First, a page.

- Count and complexity of decisions: The count and complexity of decisions required in traditional car buying are increased due to typical fear, uncertainty and doubt. Beepi shifts the focus from anxiety to convenience by offering generous return policy and peace of mind guarantee.
Beepi’s product experience is a useful case study in taking a multi-step transaction and reducing friction one step at a time.
As a student of “reducing friction”, I often jot down my observations of friction points in day to day experiences in my Moleskine. I’m experimenting with sharing a few observations on my blog, starting with this perspective on going to a pharmacy.
Friction: One of the worst things about getting sick or having an unwell family member is going to the pharmacy. Nobody loves to go to a pharmacy (Check Yelp Reviews for your nearest Pharmacy). The first visit often has the worst timing. Besides being in pain, a user may be drowsy and not in a condition to drive or take an Uber to the pharmacy. Upon visiting the pharmacy, she is forced to fill out a paper-form and wait in line to get her order filled. Most major pharmacies offer delivery of generic medications for repeat orders. They periodically ship medicines from a centralized warehouse, so it works for repeat orders. Pharmacies, employers, care providers and insurers are incentivized to improve patient’s health, but lack an efficient way to deliver prescription medications on-demand. Low usage frequency and regulations have dissuaded local pharmacies to offer this service. Startups like PillPack, NimbleRx, Zipdrug and others are attempting to solve this pain point. Given regulatory and scaling constraints, it may take a few years before these services gain mass adoption.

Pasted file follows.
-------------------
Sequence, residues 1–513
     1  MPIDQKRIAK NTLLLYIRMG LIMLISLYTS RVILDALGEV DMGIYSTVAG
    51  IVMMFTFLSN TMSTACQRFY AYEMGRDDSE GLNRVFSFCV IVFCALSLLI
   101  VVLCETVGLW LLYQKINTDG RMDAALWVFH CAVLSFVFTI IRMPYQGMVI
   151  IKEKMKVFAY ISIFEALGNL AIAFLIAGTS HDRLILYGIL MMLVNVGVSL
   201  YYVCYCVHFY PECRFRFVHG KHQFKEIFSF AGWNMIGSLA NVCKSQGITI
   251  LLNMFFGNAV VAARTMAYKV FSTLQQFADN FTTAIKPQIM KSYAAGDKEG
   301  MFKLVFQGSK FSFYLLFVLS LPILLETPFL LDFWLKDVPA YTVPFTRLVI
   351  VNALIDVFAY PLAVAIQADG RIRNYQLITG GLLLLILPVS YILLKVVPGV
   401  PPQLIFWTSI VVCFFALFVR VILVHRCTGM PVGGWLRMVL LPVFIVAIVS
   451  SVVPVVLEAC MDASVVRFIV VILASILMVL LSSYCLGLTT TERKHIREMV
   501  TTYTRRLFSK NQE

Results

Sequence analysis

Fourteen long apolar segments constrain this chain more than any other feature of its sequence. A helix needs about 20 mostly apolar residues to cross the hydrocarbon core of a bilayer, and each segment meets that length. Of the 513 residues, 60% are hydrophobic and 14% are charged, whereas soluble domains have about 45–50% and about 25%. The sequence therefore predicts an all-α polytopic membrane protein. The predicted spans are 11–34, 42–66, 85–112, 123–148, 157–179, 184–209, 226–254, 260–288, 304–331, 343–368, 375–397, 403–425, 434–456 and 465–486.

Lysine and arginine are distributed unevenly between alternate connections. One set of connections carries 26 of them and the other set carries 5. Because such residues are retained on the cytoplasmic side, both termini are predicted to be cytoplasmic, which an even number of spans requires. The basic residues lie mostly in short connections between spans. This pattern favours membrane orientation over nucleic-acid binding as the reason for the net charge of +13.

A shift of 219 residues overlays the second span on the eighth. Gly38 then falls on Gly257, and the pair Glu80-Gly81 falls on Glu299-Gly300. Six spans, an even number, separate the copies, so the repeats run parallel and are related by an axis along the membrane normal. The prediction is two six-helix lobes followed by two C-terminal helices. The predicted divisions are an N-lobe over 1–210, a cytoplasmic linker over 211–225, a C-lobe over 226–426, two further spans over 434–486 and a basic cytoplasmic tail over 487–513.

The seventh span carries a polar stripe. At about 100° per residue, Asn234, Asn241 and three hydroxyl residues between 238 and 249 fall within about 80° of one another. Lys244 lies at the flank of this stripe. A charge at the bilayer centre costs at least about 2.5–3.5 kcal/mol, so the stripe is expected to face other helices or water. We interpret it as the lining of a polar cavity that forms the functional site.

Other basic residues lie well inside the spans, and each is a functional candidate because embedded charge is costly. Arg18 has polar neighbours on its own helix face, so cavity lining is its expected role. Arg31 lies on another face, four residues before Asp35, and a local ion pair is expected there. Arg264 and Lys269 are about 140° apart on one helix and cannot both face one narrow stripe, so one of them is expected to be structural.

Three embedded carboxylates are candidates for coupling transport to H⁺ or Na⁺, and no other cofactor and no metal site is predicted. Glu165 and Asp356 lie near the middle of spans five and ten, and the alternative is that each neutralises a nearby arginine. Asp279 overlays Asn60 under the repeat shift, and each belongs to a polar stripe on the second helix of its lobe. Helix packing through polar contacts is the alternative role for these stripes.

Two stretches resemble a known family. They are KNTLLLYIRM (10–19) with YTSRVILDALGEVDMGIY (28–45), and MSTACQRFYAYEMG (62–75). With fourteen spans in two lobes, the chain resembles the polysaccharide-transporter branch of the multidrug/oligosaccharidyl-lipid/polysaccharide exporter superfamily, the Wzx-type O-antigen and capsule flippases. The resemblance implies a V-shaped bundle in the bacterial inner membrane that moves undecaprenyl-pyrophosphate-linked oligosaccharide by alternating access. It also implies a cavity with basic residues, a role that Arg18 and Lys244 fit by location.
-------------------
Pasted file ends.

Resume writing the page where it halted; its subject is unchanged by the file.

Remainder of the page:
Solution: On-demand services with scale such as Uber, Lyft, Postmates and Instacart are best suited to solve this problem. Won’t it be cool, if they delivered prescribed medications from a local pharmacy directly to a customer’s home or hospital. As an extra credit, the customer could even make her co-payment for the medication via their Uber, Lyft, Postmates or the Instacart app. On-demand companies can reduce friction in the customer experience and add durable value by winning a customer’s mindshare for “convenience”.
Shyp is my most recent investment. In addition to a founding team full of hustle, who have built an unbelievably elegant service, Shyp demonstrates many signs of an effective marketplace. I’ve studied and experimented with various marketplaces for over 10 years, since my failed attempt to build Securamed – a ‘reverse-auction’ marketplace for health insurance in 2001. I’ve found Bill Gurley‘s framework on evaluating marketplaces quite useful and decided to score Shyp on factors outlined by Bill.